I cannot count the number of times I have tried calorie restricted diets.
Sometimes the goal was simply: eat as little as possible, or as few meals as possible.
Other times, I had set goals of 1600, 1500, or sometimes even 1200 calories.
I tried intermittent fasting.
I juice fasted for 30 days.
Or even more extreme, I water fasted for 21, 28, and 40 days…unsupervised each time.
*Water fasting and juice fasting can be highly effective if done for the right reasons with medical supervision. They can also be abused.*
Always, my goal was to restrict more to lose more weight faster.
Obviously, this was highly unsustainable physiologically and psychologically.
Restriction-Binge Cycle Vortex
Every single time I water fasted, juice cleansed, or otherwise restricted my calories, I set myself up for a binge.
I would crave fat especially, and sometimes even animal products.
Often, it took a while–up to 3 months–after a given fast, cleanse, or diet for me to binge.
But the binge always came.
I’d overeat with the justification that my body probably needed the food, because of the prior restriction.
And maybe it did.
Inevitably, I’d feel guilty about binging, overeating, and eating foods I didn’t want to eat (e.g. lots of nuts and plant fats, and even a few short periods eating small amounts of eggs and dairy).
The guilt and shame prompted the restriction part of the cycle once again.
Insert restriction plan of choice here.
And, then another binge.
You get it.
For me, this went on for years.
For others, it can last a lifetime!
No Calorie Restriction = No Binging
Finally, I have stopped restricting, and thus stopped binging.
Definition of Binge
When I say binging, I am referring to Dr. Glenn Livingston’s definition of a binge.
Binge = Eating a single bite (or more) of any food that is not on my food plan.
This could be eating a teaspoon of oil when I have made the commitment in my food plan to not to eat oil.
Or, it may be eating a pint of Ben & Jerry’s vegan ice cream, when I have committed to not eating cooked food or junk food.
The point is: I violate my commitment to myself, as laid out in the crystal clear food plan of my own creation.
I never binge or overeat when I am continually giving myself enough healthy food.
This may be different for everyone.
For me enough means: three meals a day, snacks if I’m hungry (which I usually don’t need), and no intermittent fasting.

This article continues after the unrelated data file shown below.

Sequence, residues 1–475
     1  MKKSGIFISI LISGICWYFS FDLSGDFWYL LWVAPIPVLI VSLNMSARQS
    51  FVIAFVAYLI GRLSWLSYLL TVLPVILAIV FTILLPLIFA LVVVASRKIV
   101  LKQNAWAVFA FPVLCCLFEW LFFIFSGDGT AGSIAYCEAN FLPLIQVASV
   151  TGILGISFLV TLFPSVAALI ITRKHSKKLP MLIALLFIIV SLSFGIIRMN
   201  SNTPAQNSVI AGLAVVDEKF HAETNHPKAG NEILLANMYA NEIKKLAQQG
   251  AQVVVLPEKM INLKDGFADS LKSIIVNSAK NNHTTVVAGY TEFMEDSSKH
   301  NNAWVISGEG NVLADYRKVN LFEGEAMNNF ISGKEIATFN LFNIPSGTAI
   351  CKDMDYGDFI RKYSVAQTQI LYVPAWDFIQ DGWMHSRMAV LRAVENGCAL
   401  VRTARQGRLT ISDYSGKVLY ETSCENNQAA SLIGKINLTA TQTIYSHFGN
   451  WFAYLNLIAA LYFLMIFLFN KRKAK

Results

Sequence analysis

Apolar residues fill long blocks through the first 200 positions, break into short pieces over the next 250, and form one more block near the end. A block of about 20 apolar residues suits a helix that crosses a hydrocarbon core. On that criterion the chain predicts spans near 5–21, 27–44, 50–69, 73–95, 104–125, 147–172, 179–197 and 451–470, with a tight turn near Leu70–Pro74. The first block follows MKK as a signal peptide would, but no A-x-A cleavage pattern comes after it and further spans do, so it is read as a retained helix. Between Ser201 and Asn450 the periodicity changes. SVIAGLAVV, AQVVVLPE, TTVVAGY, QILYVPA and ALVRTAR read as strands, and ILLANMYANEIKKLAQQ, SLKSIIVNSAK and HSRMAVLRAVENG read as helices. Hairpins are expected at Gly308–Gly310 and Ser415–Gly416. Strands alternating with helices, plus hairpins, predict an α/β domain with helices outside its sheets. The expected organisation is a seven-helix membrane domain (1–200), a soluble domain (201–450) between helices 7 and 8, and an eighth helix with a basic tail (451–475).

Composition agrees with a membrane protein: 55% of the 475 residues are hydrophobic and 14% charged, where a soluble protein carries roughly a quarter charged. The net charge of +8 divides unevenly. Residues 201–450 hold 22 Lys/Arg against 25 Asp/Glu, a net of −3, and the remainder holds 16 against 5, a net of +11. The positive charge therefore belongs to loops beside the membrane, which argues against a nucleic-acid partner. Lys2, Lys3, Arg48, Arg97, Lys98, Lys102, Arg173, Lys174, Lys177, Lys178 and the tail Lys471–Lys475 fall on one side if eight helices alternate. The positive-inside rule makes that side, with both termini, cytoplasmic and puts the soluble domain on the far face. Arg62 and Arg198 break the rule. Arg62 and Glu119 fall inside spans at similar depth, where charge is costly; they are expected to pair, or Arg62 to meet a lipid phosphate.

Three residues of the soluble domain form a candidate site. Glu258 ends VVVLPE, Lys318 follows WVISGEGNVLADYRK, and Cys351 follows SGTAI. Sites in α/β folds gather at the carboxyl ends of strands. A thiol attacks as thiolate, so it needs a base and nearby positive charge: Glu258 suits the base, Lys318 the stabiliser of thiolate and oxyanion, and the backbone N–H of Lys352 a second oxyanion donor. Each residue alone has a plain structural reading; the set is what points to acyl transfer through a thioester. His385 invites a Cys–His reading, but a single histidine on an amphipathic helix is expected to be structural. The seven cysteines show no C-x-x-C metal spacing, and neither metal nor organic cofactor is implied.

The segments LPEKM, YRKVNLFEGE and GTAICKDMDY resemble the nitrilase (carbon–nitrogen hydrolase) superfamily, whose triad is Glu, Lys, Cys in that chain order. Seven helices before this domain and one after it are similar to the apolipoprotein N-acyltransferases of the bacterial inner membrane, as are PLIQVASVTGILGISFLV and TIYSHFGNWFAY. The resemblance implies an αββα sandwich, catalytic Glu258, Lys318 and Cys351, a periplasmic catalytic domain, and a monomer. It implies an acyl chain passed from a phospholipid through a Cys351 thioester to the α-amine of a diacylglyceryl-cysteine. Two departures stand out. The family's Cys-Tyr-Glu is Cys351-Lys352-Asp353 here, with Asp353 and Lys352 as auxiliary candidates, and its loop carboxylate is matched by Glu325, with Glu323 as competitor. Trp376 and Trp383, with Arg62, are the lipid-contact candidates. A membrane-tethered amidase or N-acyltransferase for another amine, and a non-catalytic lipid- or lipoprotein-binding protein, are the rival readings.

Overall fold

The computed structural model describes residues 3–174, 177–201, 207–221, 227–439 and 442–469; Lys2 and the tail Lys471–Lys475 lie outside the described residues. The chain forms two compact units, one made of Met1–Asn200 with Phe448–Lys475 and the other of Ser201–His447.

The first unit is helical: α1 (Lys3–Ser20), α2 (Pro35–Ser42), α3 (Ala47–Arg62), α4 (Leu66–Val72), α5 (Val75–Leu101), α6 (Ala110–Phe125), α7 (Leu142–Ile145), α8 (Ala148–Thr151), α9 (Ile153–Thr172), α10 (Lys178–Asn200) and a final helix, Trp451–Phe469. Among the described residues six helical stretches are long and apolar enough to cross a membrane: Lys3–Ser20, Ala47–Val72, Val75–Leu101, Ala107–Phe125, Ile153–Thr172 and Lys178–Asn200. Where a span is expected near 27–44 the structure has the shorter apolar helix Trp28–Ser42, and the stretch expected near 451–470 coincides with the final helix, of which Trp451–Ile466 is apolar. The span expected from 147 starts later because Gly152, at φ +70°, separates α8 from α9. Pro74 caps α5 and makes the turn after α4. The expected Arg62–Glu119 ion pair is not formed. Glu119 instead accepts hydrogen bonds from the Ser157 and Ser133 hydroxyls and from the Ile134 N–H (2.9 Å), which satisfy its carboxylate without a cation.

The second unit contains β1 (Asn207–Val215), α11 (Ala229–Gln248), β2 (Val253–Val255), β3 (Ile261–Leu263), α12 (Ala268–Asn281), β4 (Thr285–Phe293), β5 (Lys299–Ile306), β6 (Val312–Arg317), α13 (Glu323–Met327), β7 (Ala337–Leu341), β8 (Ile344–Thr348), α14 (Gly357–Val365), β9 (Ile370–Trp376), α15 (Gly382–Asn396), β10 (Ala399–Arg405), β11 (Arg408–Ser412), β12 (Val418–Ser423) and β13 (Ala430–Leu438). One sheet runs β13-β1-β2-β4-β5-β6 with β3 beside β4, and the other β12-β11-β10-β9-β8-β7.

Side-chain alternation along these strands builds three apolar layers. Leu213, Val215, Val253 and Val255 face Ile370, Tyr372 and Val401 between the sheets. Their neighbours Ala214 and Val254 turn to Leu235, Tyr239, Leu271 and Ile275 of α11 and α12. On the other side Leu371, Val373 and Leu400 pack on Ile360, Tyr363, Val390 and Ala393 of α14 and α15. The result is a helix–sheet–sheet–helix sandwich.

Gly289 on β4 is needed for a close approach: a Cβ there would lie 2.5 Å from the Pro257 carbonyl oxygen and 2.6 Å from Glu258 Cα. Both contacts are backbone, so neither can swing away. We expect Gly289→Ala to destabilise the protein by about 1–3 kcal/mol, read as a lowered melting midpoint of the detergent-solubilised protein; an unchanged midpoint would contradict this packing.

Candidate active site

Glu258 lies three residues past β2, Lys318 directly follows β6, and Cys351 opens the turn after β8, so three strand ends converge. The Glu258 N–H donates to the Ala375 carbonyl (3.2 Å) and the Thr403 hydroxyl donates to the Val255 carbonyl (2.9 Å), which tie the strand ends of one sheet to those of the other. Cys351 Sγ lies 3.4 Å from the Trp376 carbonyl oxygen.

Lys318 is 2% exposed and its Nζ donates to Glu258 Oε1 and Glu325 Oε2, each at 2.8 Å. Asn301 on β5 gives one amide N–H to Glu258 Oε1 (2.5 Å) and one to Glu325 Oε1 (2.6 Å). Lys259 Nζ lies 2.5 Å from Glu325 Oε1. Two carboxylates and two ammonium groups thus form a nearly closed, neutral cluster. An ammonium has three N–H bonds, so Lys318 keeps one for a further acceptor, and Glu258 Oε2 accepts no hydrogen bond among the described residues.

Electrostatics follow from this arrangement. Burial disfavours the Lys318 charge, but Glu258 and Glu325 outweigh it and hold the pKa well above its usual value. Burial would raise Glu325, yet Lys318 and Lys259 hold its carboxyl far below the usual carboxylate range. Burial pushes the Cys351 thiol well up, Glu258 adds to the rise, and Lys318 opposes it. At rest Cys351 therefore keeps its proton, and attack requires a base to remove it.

In order not to binge, I find I need to eat no less than 2000 calories (and up to 2500 calories) of low fat raw vegan food per day.
This is more than I thought I needed!
I thought 1600-2000 calories was enough, but it’s not. For me, 2000 calories is really a minimum.
I think this is due in part to how much I’ve starved myself and restricted my nutrition via calorie deprivation.
Plus, I am active daily.
The more active you are, the more nutrition you need!
Less Calories = Less Nutrients
We can get loads more nutrition when eating 2000+ calories a day versus only eating 1200-1500 calories per day.
Ongoing nutrient deprivation causes all kinds of cravings, imbalances, and deficiencies.
For example, when I lived at Gampo Abbey in Nova Scotia over the winter of 2017-2018, I craved like a mad woman.
We had minimal access to fresh fruits and veggies. We relied on grains, beans, and soy for breakfast, lunch, and dinner.
I craved chocolate and heavy foods constantly, because I didn’t have much in the way of fresh fruit and veggies.
Plus, I had food sensitivities to soy, gluten, corn, coconut, and grapefruit that I was not fully aware of.
I gained a lot of weight eating about the same number of calories I eat now.
The difference is: now I keep my fat percentage around 10% of calories from fat, I don’t eat any foods I’m sensitive to, AND I eat 100% raw fruits and veggies.
Makes a huge difference!
Mental and Emotional Consequences of Calorie Restriction
When I restricted calories, my thinking was toxic.
I thought about food more…
Obsessed about what I couldn’t eat…
I was cranky and irritable.
My mood was depressed and anxious.
Or, I was blissed out and completely ungrounded in a water fasted or juice fasted state, still with food obsessive thoughts creeping in at night when I couldn’t sleep.
I was emotionally unbalanced and easily triggered.
Hormonal Consequences of Calorie Restriction
Calorie restriction always set me up for high cortisol (stress hormone), which made it impossible to sleep.
Chronic elevations in cortisol cause all kinds of health problems, including: anxiety, depression, digestive problems, headaches, heart disease, sleep problems, weight gain, and memory and concentration impairment.
Additionally, I could forget about having a regular menstrual period. I went over 5 years without one.
With high cortisol, estrogen is usually also high in women. Testosterone may be low.
Basically, hormones can get out of balance pretty fast when calories are restricted.
Eat enough calories.
This article can help you figure out how many calories to eat daily.
Dr. Doug Graham also talks about finding your caloric balance in The 80/10/10 Diet.
Use the suggested calorie intake as a starting point. You may find that you need more. Trust your body with this, and test the results.
Ask yourself: How do you feel? Are you binging and craving, or do you feel satisfied? Are you losing weight, gaining weight, or maintaining weight? Is this consistent with your goals or not? How is your sleep?
Remember that calorie restriction:
- Sucks you into the binge-restrict or binge-purge cycle.
- Limits your nutrition (which causes more cravings and nutritional deficiencies, and encourages a binge).
- Negatively affects thinking, mood, and hormones.
So don’t do it!
Love yourself enough to provide yourself with the nutrition you need to be healthy in this crazy modern world, so you can do what you need to do here.
Recipe In Photo Is…
Asian Bells! 100% raw vegan and 100% delicious. Grab the recipe here!
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